A regular highlight of the summer is the flowering of our Barkeria spectabilis plants. This is one species that always attracts attention from visitors with its large delicate butterfly pollinated flowers.
This species is found in the wild in Mexico, Guatemala and El Salvador in dryish oak forest from 1200m to about 2000m. We grow it with a minimum temperature of 15 degrees C mounted on a cork slab in our Warm Americas section.
The natural habitat indicates it could be grown cool (down to about 12 degrees) but our plants seem to appreciate the heat. It flowers in the early summer as the first of our Barkeria speices each year.
We have tried growing the species in pots but we the roots have always suffered from rots and the plants have struggled as a result. On cork bark mounts the roots are wonderful and last for years, so we will always grow plants mounted.
This little orchid may not have the intense flower colour of yesterday’s Cochlioda noezliana but it rivals any species in terms of floriferousness.
This rewarding species comes from Brazil and we found it growing abundantly in the forests around Macae de Cima in our expeditions in 2000 and 2005. Gomesa crispa is a pioneer species, meaning that it is one of the first epiphytes to establish in regrowth forest. As soon as humidity is high enough for moss to grow at the base of the trunks of young trees, the plant will establish in this moss as a very low level epiphyte just 10cm off the ground. It also grows in more mature forest and in elfin forest on mountain ridges.
The flowers are a yellow/green colour but very attractively crisped (hence the name) and a healthy plant produces a very long spikes and usually two spikes from each bulb (see photo)
We have grown this species successfully in both Cool Americas and Warm Americas but we find it does best grown in Cool Americas which is similar to its natural habitat and enjoys growing in a small basket where it is a little dryer than some of the surrounding plants. The very extensive root system also reflects an ability to cope with dryer conditions.
The photo here from our 2005 trip to Brazil shows the natural habitat for the species in relatively open regrowth forest with young trees.
If you like brightly coloured orchids then this is a star performer.
Orchid species have evolved some amazing colours to attract their pollinators and Cochlioda noezliana (also known as Oncidium noezlianum) is one of the most arresting with the bright scarlet flowers tinged with violet and yellow around the column – attracting hummingbirds.
Cochlioda noezliana is native to the cloud forests of Colombia that has been a major influence on orchid breeding since its discovery. It is the orchid species behind the red in many of the red orchids hybrids sold around the world today in the Oncidineae subtribe.
This species has a reputation as not the easiest to grow, but we find it straight forward if you stick to the cool moist conditions of its cloud forest home (our cool Americas section) where it is found from 2000-3500m altitude. We find that the species does particularly well in baskets – so damp but very free draining – and baskets also show off the arching flower spikes.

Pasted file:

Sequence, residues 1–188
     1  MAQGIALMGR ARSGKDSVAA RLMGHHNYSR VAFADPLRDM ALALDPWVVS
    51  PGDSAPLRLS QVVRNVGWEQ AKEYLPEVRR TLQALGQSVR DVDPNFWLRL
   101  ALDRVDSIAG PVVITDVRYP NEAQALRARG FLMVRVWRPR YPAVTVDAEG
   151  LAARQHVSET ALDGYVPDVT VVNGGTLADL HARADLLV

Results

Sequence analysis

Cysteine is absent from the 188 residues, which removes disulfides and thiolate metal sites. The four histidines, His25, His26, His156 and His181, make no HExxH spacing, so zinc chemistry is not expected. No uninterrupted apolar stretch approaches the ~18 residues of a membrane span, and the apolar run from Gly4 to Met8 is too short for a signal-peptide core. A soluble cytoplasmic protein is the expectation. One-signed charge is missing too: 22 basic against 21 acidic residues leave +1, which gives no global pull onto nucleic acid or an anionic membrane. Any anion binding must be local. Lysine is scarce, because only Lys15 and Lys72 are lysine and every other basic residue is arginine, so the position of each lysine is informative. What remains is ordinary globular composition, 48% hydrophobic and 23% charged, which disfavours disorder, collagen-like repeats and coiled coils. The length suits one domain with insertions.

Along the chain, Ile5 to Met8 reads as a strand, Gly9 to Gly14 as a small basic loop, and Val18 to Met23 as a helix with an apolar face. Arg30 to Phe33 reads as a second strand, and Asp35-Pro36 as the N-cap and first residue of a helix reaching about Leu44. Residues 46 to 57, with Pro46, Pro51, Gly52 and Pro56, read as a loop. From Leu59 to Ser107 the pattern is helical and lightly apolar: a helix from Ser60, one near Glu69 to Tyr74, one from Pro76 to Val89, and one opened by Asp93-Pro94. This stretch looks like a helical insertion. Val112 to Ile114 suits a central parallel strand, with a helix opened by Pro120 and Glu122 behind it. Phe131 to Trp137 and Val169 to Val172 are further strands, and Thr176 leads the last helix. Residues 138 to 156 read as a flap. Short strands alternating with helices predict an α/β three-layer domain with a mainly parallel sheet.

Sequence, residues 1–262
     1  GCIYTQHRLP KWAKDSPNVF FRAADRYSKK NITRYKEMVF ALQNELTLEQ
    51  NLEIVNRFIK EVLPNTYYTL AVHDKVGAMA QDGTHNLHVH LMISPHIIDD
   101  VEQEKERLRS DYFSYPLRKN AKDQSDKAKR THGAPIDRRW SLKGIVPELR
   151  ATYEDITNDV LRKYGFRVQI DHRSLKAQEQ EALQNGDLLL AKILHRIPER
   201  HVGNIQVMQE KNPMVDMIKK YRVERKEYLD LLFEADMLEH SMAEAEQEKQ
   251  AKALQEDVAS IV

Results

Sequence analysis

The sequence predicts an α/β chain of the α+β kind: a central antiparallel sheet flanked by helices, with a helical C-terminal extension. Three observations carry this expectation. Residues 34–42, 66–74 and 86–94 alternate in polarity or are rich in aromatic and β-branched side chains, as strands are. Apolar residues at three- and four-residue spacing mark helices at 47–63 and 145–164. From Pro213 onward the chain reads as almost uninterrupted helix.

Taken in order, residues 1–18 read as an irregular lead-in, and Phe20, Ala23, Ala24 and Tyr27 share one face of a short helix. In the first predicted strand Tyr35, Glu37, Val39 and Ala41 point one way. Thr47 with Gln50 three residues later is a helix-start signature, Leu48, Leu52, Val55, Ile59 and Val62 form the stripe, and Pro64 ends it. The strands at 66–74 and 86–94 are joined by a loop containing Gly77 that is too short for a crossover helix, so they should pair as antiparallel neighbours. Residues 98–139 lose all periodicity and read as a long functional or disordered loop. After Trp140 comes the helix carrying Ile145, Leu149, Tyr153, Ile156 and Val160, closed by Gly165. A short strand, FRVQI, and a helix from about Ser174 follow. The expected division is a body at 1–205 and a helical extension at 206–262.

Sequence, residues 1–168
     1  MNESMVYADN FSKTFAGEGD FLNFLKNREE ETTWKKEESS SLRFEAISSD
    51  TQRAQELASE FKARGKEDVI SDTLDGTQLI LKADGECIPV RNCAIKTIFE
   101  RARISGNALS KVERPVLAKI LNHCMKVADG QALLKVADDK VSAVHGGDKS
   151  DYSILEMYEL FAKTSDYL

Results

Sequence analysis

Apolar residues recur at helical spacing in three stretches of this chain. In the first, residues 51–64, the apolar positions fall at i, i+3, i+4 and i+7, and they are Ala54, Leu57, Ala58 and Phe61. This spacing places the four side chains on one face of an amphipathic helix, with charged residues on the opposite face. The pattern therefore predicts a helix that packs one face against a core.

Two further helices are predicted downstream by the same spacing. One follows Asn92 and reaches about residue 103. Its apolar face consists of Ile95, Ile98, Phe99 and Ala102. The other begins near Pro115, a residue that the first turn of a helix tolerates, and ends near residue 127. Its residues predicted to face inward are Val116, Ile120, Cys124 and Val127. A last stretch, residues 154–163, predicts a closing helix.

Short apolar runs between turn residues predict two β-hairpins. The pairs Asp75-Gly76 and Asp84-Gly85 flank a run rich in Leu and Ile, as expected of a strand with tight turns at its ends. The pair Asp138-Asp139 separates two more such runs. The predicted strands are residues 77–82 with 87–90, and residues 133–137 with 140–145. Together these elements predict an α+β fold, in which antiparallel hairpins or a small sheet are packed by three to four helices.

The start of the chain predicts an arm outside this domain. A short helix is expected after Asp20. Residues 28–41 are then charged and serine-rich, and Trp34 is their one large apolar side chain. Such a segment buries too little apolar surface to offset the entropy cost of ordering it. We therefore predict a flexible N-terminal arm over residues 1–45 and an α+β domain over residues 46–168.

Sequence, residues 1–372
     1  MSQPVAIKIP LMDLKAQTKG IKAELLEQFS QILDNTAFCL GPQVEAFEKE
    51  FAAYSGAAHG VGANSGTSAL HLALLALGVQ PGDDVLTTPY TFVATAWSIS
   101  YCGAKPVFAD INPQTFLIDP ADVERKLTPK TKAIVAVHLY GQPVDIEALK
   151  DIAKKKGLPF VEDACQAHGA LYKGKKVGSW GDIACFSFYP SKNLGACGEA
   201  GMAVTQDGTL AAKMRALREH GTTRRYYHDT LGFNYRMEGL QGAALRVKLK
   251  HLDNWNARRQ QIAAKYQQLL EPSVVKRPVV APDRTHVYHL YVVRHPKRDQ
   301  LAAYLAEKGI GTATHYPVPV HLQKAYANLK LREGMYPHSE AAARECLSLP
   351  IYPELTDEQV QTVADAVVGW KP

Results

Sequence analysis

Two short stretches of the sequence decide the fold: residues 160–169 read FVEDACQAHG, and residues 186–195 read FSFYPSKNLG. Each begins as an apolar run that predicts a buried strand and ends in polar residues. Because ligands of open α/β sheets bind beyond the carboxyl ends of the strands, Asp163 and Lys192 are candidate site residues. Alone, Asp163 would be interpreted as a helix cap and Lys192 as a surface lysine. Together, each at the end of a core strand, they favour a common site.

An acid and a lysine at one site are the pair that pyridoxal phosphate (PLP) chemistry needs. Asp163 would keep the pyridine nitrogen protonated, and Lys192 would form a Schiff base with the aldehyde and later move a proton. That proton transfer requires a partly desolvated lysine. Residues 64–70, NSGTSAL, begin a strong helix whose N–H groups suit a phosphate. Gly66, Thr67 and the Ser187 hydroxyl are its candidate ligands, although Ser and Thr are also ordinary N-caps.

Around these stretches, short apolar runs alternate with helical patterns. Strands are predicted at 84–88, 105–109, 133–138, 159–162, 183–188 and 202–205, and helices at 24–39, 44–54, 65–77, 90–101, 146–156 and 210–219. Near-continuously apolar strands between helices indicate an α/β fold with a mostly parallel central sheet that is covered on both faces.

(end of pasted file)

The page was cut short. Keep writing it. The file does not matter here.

This little orchid is another of our favourites.
Pleurothallis amparoana is native to wet montane forest in Costa Rica and Panama from 1200 to 1800m altitude and is unusual in the extremely furry flowers. We grow the species with most of our Pleurothallids in Cool Americas and find it particularly enjoys a small basket where we can keep it damp all year but with good drainage.
The resemblance of the flowers to furry toilet seats has resulted in us all calling this the furry toilet orchid – what do you think?
Our first public event since December 2019 will be our Summer Orchid Evening on Monday 12th July.
The evening will be open from 4pm until 7pm with lots to see and do. We will have our student orchid growers and adult volunteers on hand in our four zones.
Zone 1 – The Orchid Houses
- come and have a guided tour of our collection of over 1000 orchid species
- buy orchids and sundries including several species we have never sold before
- treasure hunt for kids and adults
Zone 2 – The orchid propagation laboratory
- a tour of our propagation facilities and growth rooms
- have a go at lab propagation in one of our laminar flow cabinets
Zone 3 – The Orchid House Lawn
- orchid repotting service
Zone 4 – Talk Zone
- Come and hear about our expeditions to Sarawak, the amazing forests, and our work with our wonderful partners (Sarawak Orchid Society and MRSM School Kuching)
There is plenty of parking on site, signs will guide you to the Orchid Houses for a warm welcome and an evening of orchids.
Tickets are £2 on the door and every visitor will be given an orchid in-vitro to take away.
Please let your friends know about the Summer Orchid Evening and feel free to print or share this poster